You wouldn’t think a bathroom would be so stressful. To date, even though not one speck of soil has been moved on our lot, nothing has stressed me out more than the bathrooms. When building a house, you have to think from the inside out. You don’t start with the paint color (though in full disclosure I’m stressing over that, too), but you start with all the things you eventually won’t see. The framing, the electrical, and yes, the plumbing.
I thought I had all of the bathrooms decided months ago when Packer and I had our first meeting with the plumbing specialist. I went in there knowing full well two things. First, I wanted a clawfoot bathtub like I had in my Cottonwood remodel. Second, I knew I wanted antique brass fixtures in my master bath. As we wandered through walls of faucets and paths of sinks and tubs he kept saying, “You are starting on this really early.” The same statement was communicated to me by both our flooring specialist and the appliance salesman. Each time they communicated this to me I had to fight the inner critique. “You are so naive and so unequipped for this, all of the salespeople see it and are calling you out on it.” What I had to battle to push through that lie was substantial. I had to climb over the embarrassment and potential shame to simply own the fact that it takes me a while to make decisions. I need to live with them. Rummage through them. Toss them. Grab them back. Until I am satisfied with where to land. But for me, fully aware that I was making long term decisions and knowing full well I didn’t have a design degree, I had surrendered to the fact that I questioned everything.
In that plumbing outing I was reminded yet again, just like with my stove experience, that my long-held belief of what I wanted could become my new belief of what I now wanted. This was fundamentally true with my bathtub. As I sat my body in the cast iron clawfoot bathtub, my long-held memory of the home I loved, I left having chosen a different tub. This experience, like the previous ones and others to come, made me okay with people’s assessment of my premature selections. My process required, well, processing.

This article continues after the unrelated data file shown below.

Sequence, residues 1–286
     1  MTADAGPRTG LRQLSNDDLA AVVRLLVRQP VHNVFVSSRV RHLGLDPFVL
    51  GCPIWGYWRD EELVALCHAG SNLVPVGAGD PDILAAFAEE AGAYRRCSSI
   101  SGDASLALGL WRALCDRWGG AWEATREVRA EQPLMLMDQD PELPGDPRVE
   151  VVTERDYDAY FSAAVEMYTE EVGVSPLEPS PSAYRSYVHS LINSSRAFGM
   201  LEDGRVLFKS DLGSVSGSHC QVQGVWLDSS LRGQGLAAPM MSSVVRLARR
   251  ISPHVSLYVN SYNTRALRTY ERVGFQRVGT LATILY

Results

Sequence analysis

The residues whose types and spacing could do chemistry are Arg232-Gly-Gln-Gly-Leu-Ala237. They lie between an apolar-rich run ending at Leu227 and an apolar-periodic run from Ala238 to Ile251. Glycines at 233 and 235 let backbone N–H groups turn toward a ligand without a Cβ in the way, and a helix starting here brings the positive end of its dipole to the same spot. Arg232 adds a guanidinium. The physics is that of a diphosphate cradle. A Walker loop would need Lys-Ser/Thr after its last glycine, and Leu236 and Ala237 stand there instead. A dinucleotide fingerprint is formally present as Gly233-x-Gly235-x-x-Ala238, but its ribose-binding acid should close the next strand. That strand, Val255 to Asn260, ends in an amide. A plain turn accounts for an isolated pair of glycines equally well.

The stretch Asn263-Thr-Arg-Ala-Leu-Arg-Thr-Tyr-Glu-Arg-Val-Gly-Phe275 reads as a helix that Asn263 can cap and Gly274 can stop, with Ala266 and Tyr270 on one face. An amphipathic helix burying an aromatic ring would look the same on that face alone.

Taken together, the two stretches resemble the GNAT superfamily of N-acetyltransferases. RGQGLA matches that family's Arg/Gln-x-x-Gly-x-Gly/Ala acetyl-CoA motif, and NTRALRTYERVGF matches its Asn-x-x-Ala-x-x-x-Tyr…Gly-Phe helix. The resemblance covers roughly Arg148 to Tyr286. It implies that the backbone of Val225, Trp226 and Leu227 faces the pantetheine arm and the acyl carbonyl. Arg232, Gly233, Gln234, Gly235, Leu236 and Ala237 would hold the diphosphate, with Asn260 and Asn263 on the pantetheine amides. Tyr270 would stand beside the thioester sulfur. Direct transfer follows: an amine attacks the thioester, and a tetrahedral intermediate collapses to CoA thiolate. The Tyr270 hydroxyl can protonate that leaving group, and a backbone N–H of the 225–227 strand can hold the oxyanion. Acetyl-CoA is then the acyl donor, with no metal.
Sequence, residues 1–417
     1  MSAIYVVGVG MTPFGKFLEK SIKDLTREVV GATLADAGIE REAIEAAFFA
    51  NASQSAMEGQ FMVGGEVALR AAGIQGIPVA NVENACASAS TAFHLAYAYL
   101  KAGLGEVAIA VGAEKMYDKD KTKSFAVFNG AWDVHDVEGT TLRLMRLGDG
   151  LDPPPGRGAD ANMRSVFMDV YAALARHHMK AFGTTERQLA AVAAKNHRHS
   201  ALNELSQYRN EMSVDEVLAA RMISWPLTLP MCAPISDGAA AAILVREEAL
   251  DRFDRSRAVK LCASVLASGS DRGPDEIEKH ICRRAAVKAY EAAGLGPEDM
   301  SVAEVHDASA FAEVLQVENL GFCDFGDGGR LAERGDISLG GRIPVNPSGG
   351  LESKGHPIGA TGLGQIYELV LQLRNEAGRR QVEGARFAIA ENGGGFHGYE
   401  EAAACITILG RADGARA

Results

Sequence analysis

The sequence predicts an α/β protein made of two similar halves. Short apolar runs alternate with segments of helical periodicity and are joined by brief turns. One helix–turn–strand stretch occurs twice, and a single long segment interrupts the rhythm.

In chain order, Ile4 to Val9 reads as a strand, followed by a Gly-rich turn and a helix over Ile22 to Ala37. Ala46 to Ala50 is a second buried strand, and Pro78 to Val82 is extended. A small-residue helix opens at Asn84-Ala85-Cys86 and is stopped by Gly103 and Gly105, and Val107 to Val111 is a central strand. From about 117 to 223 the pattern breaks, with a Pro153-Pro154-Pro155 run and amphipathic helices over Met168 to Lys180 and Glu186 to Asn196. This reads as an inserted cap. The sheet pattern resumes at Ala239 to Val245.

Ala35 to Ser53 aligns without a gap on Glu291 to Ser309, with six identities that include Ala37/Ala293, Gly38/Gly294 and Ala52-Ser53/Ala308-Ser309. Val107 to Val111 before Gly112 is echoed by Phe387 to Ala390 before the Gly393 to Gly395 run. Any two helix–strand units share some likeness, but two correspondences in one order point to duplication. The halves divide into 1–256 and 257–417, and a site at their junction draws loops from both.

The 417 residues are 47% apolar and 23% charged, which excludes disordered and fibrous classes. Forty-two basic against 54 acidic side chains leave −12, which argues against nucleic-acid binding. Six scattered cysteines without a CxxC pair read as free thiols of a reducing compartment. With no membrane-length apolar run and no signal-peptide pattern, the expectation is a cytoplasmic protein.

So, now, here I sat at my kitchen bar realizing I didn’t exactly have any bathroom truly decided. I had rummaged Instagram images until my thumb was tired. I had saved enough bathroom images off of Houzz and Pinterest until I could start my own website. And yet, here I sat with pictures scattered in front of me and my mind feeling the same way.
Packer and I have a standing date. Our prayer team meets every Tuesday morning as we have for a decade now, and then Packer will stay and we take one thing at a time. On this day, we were deciding on bathrooms. Who knew there were so many decisions to make?! And the reason the decisions have to be made so early is because plumbing goes inside the walls. And they have to know if you want a centerset, a single-handle, a spread fit, or a bridge, which will determine if you need the 1-hole, or 2-hole, or 3-hole. Do you want it wall-mounted, or deck-mounted? Because each of these decisions determine the type of plumbing that goes inside the walls.
But wait! How can I decide what kind of plumbing I want or need if I don’t know what kind of sink I want to do? See what I’m saying? One decision requires multiple decisions. And my decider had vacated me after picture number ten thousand nine hundred and eighty-five. Thank God for Packer’s calming influence, voice, and her knowledge. She could tell you every kind of faucet if she were talking in her sleep. I, however, had faucets running through my sleep like sheep that I didn’t know the name of.
“Let’s start with the master.” She calmly said.
“I know the master.” I responded. Well, that wasn’t completely true. I knew the color I wanted for the master and had picked out my tub, but I had no idea what I wanted for the cabinets, which meant I didn’t know the countertops, which meant I didn’t know the sink. The vicious cycle never ended. I opened a page in my James T. Farmer coffee table book. I had recently discovered this talented southern designer who could have lived in my head, as his designs felt like he had dug through my heart for the last decade and already designed my dreams. It’s weird how you just know something is right when you find it. That is what I knew when I saw this bathroom in his book. And down the list we went, item by item, piece by piece. In less than ten minutes I was confident about every master bath decision.
We moved to the first guest bedroom. Fortunately, I had this one determined years ago from a picture I had pulled from a magazine. I had no doubt. It was perfect… And on we moved until each bathroom was decided. By the time we were done I could see not just the bathrooms and their colors and fixtures, but the life lived in them. The makeup bags of friends and family sitting on their counters. The wet towels from lake life hanging up on the wall hooks. The naked bottoms of little ones as they washed off their sun-kissed bodies with sleepy satisfaction. It was then Packer and I sat back on our barstools with our own satisfied sighs.
“We did it.” I exhaled.
“Yes, we did.”
“We’re going to have our insides.”
She laughed, “Yes, you will have your insides.”